3. Where does it say this would increase speeds? Maybe it would increase speeds during times of congestion, but if the baseline speeds during those times are less than half the speed limit of the road, the increase in speed would likely have negligible impacts on safety. It is a fully grade-separated, limited-access highway anyway.

  4. Vooch – There is a simple way for you to advance your desire for a city with less auto traffic. Live a lifestyle that requires no vehicular transportation to sustain your life. Grow your own food in your backyard (That would really suck if you chose live in an apartment). Do zero building projects. Also don’t live in a building, because that would require a truck delivering materials. Don’t buy clothes, books, or even bicycles (steel needs to be delivered). Actually the simplest solution is to not live in a large city at all. Imagine the peace you will feel, not having to dictate to everybody else which form of transportation you want them to use. It starts with you Vooch. Think globally act individually. Not “think globally and insist that everybody conforms to the world that you specifically want”. There are millions of bike lanes out there. It’s called the entire country outside city limits. Be proactive and go get it!

  5. fallacy that VMT equals economic activity

    the most prosperous societies in the world with highest living standards have VMTs 1/2 of ours


  6. 900 miles of protected bike lanes to support how many people and routes? And how much of this $450M money is use-it-or-lose-it highway funds from the feds that can’t be spent on your favorite local projects?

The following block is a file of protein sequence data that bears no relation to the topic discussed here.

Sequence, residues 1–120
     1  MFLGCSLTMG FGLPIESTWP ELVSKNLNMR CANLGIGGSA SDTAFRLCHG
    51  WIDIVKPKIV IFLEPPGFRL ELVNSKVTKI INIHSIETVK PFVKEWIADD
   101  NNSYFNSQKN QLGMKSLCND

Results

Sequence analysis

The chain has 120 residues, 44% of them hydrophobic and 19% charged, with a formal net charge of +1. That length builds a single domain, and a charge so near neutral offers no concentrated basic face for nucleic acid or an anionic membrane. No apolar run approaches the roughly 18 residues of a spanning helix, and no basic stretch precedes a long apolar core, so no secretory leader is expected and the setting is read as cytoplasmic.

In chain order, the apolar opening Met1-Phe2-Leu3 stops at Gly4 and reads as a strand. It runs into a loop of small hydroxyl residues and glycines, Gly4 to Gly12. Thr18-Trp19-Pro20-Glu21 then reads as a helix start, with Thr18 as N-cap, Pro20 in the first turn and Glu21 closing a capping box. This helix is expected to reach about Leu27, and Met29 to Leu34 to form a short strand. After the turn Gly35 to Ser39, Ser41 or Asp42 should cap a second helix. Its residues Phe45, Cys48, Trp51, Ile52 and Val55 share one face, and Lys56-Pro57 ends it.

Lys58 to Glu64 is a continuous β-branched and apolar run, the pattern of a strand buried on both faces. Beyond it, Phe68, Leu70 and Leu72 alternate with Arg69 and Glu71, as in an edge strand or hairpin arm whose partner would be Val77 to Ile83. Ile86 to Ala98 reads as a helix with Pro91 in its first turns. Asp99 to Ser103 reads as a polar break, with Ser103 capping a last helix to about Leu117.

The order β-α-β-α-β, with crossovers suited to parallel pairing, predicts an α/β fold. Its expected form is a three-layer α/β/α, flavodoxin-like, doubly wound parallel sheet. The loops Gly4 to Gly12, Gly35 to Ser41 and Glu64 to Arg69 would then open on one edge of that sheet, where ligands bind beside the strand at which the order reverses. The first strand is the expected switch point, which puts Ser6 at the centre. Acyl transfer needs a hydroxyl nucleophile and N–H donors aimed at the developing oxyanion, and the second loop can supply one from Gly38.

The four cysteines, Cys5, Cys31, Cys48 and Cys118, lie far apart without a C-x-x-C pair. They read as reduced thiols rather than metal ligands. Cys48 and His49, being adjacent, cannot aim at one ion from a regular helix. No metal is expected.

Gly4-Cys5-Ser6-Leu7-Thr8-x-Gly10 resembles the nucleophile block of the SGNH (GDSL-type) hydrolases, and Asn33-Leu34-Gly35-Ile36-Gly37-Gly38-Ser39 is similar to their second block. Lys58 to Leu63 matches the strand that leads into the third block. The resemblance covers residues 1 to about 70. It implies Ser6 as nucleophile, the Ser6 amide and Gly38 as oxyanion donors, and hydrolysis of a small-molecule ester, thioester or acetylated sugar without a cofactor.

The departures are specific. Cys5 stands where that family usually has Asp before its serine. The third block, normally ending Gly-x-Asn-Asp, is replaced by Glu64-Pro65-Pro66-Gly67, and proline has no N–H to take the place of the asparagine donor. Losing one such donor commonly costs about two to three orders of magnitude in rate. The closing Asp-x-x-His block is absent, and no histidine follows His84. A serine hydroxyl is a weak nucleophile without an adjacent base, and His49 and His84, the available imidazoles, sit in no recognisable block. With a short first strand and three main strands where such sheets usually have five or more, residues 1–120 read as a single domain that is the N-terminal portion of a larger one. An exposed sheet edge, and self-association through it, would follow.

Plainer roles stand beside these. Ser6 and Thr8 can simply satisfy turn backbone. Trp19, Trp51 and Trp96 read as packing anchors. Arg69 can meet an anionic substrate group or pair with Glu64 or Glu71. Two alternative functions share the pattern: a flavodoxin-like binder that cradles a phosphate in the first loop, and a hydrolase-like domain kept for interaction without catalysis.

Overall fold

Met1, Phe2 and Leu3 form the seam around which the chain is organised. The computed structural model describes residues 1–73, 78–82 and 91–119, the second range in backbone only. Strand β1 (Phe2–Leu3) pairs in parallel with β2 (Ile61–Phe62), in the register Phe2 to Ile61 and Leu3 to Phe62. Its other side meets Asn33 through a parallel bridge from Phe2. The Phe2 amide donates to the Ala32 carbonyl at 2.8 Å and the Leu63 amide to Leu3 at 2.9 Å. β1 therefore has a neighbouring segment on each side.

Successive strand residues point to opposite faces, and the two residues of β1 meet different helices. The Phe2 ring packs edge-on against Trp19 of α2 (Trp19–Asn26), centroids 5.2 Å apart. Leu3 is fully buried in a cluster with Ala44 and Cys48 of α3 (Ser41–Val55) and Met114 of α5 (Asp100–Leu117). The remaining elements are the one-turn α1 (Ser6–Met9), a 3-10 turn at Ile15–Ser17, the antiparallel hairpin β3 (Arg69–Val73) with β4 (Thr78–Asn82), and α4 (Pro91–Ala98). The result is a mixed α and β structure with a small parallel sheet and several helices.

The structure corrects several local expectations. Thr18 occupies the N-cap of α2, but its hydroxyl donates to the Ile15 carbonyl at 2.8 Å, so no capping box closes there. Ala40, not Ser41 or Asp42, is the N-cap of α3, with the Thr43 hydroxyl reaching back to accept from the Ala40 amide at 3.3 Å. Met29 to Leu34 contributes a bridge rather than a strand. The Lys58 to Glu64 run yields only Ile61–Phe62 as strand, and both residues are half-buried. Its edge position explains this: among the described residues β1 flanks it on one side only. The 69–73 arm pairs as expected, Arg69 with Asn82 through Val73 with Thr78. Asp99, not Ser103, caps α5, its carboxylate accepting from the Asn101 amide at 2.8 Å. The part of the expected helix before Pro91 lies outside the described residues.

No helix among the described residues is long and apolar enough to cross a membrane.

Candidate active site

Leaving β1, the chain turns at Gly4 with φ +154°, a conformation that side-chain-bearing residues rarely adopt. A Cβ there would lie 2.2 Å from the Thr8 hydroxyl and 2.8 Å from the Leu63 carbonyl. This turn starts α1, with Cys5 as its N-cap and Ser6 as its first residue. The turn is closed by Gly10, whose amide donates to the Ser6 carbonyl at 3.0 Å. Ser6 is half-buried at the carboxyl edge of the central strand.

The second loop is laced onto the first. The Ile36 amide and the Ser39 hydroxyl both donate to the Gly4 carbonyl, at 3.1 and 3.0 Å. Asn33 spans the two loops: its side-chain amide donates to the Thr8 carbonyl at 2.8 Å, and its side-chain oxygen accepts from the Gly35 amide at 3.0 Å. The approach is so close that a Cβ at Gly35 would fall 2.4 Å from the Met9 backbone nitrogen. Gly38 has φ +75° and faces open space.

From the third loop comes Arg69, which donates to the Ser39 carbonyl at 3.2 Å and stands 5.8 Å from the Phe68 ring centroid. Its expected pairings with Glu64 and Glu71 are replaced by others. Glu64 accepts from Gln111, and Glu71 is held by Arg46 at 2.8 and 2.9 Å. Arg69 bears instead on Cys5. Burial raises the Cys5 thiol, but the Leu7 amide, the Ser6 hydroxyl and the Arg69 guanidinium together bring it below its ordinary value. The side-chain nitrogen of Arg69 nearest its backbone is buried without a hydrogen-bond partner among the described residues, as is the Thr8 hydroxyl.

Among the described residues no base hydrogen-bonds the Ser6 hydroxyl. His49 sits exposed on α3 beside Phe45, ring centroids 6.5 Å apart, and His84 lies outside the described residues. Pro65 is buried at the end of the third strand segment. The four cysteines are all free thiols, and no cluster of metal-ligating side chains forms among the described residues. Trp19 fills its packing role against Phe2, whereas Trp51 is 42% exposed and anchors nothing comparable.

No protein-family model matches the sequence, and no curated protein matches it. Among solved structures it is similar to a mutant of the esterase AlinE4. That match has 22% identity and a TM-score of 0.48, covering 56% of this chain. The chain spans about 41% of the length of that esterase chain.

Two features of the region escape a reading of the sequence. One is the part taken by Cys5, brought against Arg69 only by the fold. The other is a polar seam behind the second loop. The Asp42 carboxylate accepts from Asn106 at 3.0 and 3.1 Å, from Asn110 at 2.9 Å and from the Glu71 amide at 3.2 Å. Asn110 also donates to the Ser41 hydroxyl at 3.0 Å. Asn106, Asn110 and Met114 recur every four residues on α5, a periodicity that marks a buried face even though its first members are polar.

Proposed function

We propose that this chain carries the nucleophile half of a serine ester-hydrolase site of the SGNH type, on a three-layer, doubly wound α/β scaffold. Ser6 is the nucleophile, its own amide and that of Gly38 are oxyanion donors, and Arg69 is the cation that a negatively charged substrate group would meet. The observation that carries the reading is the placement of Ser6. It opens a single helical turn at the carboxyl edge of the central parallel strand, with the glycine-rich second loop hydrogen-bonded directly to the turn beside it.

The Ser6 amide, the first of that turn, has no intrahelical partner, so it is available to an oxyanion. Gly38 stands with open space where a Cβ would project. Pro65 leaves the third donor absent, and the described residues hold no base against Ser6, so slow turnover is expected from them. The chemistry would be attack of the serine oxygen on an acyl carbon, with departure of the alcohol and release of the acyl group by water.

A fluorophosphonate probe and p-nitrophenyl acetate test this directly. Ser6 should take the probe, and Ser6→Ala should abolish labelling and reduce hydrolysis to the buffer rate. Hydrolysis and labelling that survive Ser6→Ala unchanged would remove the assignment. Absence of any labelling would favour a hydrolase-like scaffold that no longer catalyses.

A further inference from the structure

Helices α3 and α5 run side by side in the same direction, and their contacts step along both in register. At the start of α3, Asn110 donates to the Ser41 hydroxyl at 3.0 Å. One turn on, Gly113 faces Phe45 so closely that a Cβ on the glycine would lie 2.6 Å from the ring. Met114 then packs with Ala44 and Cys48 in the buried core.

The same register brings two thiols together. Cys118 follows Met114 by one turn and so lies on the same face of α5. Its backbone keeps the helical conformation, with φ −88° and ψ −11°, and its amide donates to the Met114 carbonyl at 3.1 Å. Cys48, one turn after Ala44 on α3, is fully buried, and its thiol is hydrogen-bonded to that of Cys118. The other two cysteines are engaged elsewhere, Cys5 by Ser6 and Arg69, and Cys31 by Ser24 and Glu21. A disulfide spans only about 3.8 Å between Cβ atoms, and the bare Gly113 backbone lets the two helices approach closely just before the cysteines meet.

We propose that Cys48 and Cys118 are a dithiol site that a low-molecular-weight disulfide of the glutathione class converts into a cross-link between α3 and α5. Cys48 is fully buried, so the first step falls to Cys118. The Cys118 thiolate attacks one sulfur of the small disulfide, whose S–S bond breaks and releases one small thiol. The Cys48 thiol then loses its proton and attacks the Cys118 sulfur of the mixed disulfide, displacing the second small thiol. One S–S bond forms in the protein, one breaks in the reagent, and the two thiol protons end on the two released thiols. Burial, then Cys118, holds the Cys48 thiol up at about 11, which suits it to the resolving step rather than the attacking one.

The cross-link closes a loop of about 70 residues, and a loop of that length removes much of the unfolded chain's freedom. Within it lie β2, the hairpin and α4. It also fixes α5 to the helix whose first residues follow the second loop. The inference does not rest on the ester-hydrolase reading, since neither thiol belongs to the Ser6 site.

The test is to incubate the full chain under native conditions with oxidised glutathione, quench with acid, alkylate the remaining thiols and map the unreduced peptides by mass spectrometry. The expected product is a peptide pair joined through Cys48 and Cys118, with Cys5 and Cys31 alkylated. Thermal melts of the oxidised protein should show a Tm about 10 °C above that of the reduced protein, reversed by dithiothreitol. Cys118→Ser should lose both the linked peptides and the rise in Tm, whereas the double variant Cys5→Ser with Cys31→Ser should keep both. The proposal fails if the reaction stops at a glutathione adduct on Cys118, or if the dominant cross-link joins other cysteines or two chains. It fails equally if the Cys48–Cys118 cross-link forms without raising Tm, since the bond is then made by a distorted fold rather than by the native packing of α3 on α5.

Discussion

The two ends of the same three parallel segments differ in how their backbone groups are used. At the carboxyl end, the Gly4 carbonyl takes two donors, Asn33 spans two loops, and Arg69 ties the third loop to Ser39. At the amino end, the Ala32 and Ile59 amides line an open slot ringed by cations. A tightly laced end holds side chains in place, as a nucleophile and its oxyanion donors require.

I agree that VMT != GDP but how many of those “societies” take up space less than 1/2 of ours? And how much of that decrease is due to superior automobile infrastructure? Without the autobahn I’m sure Germany’s VMT would be a lot different.

    We have a major regional interstate restricted to a two-lane road through the downtown of one of the fastest growing cities in America. How many people have been injured or died on that stretch of highway? How much time and money is lost by our businesses and taxpayers? How much more lives and money must be wasted before you would agree on a common sense upgrade to this vital infrastructure?

  7. superhighways are good outside cities, superhighways inside cities subtract from economic activity and blight the city.

    increasing the blight by expanding a urban superhighway is poor economics.

    much better to eliminate the blight entirely; remove the highway and restore the preexisting street grid. propety values skyrocket and economic activity zooms once the black hole of blight is removed.

    carameggdon is a false fear, every single urban superhighway which was removed has resulted in a increase in economic activity and a decrease in traffic.

    Robert Moseswas wrong

  8. Don’t politicians in Oregon like other places have to be elected by the people?